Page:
How is it doing?
The year to 30 June 2019 was a difficult one for the company, admitted non-executive chairman, David Banks, but the company has streamlined its operations, installed a new leadership team and taken around £1.6mln of annual costs out of the business.
The year saw commercial revenues climb to £3.47mln from £3.4mln the year before. Grant income eased to £790,000 from £830,000 the previous year.
Encouragingly, revenue in the second half of the fiscal year was 12% higher than in the first half and up 35% year-on-year.
The adjusted operating loss before non-cash items - such as impairments and one-off restructuring costs - narrowed to £4.18mln from £4.88mln in the previous year.
Talking of impairments, the carrying value of intangible assets relating to Haydale's UK (RPC) composites business was marked down by £1.78mln; this was a non-cash item but it did contribute to the loss before tax widening to £7.76mln from £6.12mln.
At the end of the financial year, Haydale had cash of £4.69mln and borrowings of £1.25mln; a year earlier, cash and borrowings were £5.09mln and £896,000 respectively.
October saw the company receive a fillip in the form of an order for ceramic blanks worth US$700,000.
The order is from a large US cutting tool manufacturer and follows a trial order of 33,000 ceramic blank units previously delivered by Haydale's South Carolina-based unit, Haydale Ceramic Technologies (HCT) and follows investment by Haydale in the blanks production facilities.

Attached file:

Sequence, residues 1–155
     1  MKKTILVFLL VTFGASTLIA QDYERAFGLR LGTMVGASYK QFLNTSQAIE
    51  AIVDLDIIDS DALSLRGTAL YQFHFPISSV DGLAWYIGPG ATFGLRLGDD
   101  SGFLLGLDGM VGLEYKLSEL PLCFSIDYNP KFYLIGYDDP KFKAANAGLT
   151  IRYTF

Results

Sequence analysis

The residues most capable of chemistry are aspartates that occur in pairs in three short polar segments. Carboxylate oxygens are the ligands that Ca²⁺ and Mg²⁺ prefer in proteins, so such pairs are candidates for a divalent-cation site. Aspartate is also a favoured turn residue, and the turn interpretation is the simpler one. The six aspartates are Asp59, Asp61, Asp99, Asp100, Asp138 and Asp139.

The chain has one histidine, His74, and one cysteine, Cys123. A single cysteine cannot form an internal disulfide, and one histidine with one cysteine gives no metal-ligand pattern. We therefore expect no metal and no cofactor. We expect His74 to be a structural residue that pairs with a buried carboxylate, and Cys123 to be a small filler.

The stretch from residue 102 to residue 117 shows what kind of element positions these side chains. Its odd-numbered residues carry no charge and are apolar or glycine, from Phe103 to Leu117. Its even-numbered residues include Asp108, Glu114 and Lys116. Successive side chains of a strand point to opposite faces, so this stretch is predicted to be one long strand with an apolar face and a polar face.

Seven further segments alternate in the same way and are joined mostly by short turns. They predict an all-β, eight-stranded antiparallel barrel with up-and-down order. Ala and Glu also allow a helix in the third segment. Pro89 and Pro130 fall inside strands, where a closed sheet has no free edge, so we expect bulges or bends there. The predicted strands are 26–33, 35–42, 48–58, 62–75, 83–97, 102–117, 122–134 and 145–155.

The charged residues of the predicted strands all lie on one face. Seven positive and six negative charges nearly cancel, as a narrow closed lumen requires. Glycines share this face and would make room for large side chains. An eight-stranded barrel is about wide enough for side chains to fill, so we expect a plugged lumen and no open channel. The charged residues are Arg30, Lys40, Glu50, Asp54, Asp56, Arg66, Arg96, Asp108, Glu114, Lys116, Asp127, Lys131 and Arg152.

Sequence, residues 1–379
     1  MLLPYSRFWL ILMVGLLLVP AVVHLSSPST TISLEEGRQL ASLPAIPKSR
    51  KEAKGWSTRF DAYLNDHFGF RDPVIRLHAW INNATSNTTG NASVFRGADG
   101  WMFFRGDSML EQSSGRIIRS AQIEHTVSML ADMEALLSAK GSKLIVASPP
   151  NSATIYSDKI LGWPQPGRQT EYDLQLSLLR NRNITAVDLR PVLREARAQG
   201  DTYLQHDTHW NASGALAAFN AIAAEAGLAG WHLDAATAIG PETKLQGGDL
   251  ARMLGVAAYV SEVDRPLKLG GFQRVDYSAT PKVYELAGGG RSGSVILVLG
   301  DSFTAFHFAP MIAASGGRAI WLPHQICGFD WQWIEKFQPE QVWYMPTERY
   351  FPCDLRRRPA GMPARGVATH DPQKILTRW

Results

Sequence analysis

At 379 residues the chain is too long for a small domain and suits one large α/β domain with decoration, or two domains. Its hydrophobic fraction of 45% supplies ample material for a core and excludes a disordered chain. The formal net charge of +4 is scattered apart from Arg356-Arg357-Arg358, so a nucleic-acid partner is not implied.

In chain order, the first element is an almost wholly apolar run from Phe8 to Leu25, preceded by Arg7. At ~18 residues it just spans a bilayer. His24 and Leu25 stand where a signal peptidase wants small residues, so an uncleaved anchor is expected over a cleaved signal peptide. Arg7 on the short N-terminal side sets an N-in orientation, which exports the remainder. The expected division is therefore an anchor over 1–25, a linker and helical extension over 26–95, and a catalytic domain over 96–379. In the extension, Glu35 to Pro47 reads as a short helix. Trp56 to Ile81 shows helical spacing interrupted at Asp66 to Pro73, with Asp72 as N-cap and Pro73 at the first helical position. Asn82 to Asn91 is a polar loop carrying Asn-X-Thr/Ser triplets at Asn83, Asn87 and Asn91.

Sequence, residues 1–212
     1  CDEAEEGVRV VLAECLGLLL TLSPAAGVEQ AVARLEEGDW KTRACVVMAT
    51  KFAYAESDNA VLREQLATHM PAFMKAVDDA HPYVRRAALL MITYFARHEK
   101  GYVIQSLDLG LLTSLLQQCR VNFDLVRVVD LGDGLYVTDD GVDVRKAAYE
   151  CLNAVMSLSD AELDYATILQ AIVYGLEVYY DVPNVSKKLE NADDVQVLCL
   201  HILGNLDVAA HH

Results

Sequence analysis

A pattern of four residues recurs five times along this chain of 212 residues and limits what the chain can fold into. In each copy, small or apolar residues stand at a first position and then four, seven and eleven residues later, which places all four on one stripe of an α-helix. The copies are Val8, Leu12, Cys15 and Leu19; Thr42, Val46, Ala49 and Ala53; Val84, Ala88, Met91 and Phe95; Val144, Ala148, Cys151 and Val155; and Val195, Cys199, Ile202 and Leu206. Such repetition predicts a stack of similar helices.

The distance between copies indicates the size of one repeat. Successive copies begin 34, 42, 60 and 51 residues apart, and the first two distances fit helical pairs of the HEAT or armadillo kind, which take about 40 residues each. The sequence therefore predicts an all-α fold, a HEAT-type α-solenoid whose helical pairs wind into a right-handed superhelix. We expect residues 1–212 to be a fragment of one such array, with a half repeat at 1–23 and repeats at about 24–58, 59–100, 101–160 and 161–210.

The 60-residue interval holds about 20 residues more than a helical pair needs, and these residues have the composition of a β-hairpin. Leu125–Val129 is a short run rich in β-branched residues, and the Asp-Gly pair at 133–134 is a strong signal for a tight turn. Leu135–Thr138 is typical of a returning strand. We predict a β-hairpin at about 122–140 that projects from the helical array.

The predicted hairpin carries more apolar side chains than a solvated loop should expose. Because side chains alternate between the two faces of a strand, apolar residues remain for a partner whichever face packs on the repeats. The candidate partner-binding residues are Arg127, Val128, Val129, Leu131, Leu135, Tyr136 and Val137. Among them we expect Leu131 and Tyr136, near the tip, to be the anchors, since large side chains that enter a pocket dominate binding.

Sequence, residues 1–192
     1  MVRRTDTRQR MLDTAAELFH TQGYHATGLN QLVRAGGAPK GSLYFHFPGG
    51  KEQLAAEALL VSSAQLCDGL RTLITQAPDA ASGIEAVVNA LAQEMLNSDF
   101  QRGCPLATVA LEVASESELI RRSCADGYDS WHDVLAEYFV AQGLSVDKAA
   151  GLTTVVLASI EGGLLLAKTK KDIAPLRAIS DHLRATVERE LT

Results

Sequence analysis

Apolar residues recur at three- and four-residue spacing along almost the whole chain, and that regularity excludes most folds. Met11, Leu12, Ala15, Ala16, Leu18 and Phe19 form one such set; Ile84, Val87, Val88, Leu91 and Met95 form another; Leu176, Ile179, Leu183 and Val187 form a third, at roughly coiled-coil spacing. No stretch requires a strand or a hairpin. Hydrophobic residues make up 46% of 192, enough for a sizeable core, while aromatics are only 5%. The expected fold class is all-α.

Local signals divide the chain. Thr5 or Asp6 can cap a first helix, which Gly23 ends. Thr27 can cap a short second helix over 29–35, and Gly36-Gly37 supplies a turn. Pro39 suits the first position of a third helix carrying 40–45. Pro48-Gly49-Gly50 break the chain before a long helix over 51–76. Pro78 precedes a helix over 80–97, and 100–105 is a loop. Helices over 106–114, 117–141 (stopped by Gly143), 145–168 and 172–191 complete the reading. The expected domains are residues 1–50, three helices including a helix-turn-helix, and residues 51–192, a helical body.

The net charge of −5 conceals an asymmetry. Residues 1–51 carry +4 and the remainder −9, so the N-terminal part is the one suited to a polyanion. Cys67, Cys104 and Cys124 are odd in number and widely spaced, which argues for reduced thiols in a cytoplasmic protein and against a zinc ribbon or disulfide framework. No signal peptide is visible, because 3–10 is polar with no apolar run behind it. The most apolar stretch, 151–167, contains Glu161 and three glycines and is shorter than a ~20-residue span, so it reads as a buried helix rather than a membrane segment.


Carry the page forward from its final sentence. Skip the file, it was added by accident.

Additionally, HCT has received a commitment in principle from a Japanese cutting tool manufacturer set to launch in April 2020. This commitment is for 145,000 blanks units with a value of around US$600,000.
On 22 October, the firm also announced the launch of a new range of materials to protect against lightning strikes which it had developed in partnership with Airbus UK, BAE Systems and GE Aviation.
The new composites are reinforced with carbon fibre and have improved electrical conductivity that can be used to protect structures as well as for enclosures housing electronic avionics systems. The material has potential applications for unmanned drones, commercial aircraft, space travel and offshore wind turbines which are susceptible to lightning strikes.
What the boss says
Keith Broadbent, Haydale’s chief executive, said: "As Haydale takes a more commercial focus, it is great to see the reward from these two customers. We are looking forward to seeing significant growth in this area and receiving more blanks orders in the near term."
- More commercial orders
- Graphene use picks up as number of applications rises
- Company raised £5.8mln through placing and open offer in February/March
- Keith Broadbent and other directors invested £200,000 in placing